Once spoken, words cannot be unspoken.


take care with your words copy

It is easy to forget the power of words. We hear. We feel. We hurt. We react.

And in between the hearing and our reaction, there are but milliseconds to make a choice. To strike out from our hurting feelings, or make room for our feelings to be heard in a way that creates possibility for deep listening between us and another.

How often have you responded to hurtful words with something like, “You make me so angry.”

In the ‘you make me’, we give away our power. We are holding someone else accountable for our feelings and responses.

What if, instead of giving the other person the power of ‘making’ your feelings, you took a breath and replied, “When I heard you say [that] I felt diminished, invisible, unheard…” Or, “I want to talk about [that] but I can’t hear you when you (yell) (speak with such a harsh, criticising tone) (call me names)… Is there a way you can say what you want to say so that I can hear you? ”

If in that moment it is not possible to speak respectfully, take a break. Walk away and agree to come back at a later time when you are both calmer.

It is never okay for someone to call you names, yell or berate you.

It’s not okay for you to do it to them either.

Creating space for each person to be accountable for their words, and how they speak them, opens up the possibility of communicating at deeper, more respectful and constructive levels.

Our words have the power to pierce like a sunbeam in the dark, illuminating the heart of what is keeping us apart with their power to reveal our truth. When we use our words to stab like a knife, we are cutting away the heart of what brings us together. In the pain of each cut, we grow further and further away from the heart of what is true.

And the first step is to take care with our words. Once spoken, they cannot be unspoken.



11 thoughts on “Once spoken, words cannot be unspoken.”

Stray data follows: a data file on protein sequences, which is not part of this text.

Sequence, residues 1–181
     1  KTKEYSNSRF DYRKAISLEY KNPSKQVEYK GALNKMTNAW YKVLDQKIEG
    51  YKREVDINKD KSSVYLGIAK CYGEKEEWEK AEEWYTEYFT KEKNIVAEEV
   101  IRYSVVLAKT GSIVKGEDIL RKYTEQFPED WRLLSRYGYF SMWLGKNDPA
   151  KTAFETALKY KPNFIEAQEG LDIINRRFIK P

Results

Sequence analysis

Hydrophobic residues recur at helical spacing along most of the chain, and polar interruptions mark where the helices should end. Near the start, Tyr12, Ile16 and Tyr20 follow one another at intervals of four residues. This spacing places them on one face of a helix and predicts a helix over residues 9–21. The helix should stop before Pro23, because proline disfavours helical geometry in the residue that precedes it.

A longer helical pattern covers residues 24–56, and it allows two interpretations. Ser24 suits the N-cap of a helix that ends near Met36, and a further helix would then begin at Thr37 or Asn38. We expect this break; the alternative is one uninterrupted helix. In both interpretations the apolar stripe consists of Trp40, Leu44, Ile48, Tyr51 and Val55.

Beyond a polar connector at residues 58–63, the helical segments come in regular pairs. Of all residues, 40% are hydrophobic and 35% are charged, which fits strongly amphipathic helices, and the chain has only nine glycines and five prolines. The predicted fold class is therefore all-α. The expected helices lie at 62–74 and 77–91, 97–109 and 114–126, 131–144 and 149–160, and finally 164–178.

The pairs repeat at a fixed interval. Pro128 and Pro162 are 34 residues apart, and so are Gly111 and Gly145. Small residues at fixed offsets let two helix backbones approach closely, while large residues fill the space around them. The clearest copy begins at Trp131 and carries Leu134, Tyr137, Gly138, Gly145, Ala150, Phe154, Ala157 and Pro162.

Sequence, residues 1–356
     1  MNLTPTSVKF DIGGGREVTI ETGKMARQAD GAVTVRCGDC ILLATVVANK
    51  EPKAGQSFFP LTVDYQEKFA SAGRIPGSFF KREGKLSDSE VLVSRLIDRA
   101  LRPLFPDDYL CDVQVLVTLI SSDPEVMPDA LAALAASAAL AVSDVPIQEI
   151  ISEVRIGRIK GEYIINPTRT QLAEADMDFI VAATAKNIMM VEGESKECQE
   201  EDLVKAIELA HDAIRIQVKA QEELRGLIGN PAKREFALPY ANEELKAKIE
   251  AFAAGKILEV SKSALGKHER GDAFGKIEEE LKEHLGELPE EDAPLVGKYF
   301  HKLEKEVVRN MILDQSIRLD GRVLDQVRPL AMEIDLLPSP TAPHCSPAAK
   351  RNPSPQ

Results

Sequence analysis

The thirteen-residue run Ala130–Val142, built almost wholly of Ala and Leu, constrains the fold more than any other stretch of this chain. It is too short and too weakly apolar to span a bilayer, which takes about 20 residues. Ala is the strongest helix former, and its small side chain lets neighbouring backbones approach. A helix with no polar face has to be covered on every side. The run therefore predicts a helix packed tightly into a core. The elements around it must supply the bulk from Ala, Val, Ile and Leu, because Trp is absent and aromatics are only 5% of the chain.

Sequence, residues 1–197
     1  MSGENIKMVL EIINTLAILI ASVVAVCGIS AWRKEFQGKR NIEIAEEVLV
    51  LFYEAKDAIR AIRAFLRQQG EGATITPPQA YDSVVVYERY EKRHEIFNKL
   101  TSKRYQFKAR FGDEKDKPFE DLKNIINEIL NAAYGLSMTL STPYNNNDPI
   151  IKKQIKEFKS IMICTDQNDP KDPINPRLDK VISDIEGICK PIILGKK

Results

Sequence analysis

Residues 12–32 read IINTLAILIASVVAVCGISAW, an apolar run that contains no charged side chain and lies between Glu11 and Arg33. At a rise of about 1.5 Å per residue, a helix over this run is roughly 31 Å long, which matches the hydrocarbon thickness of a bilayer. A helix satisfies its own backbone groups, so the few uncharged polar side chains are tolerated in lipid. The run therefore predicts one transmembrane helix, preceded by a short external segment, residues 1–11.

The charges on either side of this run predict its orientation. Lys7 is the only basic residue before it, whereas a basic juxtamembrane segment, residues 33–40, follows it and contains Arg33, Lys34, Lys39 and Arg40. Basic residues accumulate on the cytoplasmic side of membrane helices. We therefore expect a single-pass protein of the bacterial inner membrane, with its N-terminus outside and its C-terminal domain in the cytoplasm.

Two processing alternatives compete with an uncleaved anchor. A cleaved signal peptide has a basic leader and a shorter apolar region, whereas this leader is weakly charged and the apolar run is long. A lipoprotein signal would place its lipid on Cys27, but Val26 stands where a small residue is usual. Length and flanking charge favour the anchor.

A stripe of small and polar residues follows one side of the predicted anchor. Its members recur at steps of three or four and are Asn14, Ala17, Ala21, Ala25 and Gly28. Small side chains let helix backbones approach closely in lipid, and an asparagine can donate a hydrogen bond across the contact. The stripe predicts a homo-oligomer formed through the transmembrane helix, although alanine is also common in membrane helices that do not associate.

1. OK, you are right – just get everybody to agree with you. But that isn’t so easy, is it? Peaches bruise easily, apples have a tougher skin. Now, watermelon … that’s serious skin. We need to be more like the watermelon, less like the peach. People will always fall into one of three groups – those who praise us, those who criticize us and those who don’t care. Most, don’t care. If we hear critics, we can chose to listen and think about their criticism. Some we can take to heart, most we should ignore – remembering that most people don’t know or care. If you like who you are believe what you say, criticism won’t pierce you deeply or often – so, in conclusion, be a watermelon.

    Liked by 1 person

      1. Hi Mark — here is what I was curious about — I absolutely agree that my responsibility is to be happy with who I am — and that other people’s opinion of me are not my issue. My opinion of me is. But, underlying what you wrote, I wonder if there is a belief that ‘disagreement equals rejection’. That if someone disagrees with me, then I need to walk away? Not sure that’s what is underlying your comment, but I am curious…


      2. no … more a ‘if someone disagrees with me – I have more than 3 options: discuss/consider/change my mind, walk away/ignore, dismiss —- or any other response at all. I think we let critique, or our anticipation of critique, impact our behaviour too often. Not that we should be reckless with our words or actions, just that we should be free …


  2. Ah! Lovely wonderful words, Louise. They have such power…good, clean, beautiful power such as those that accompany your super art ;)…and as in life with all opposites providing the possibility of balance…those words that can truly cut like a knife!!
    Thank you for sharing your beautiful art & heart ♡♡

    Liked by 1 person

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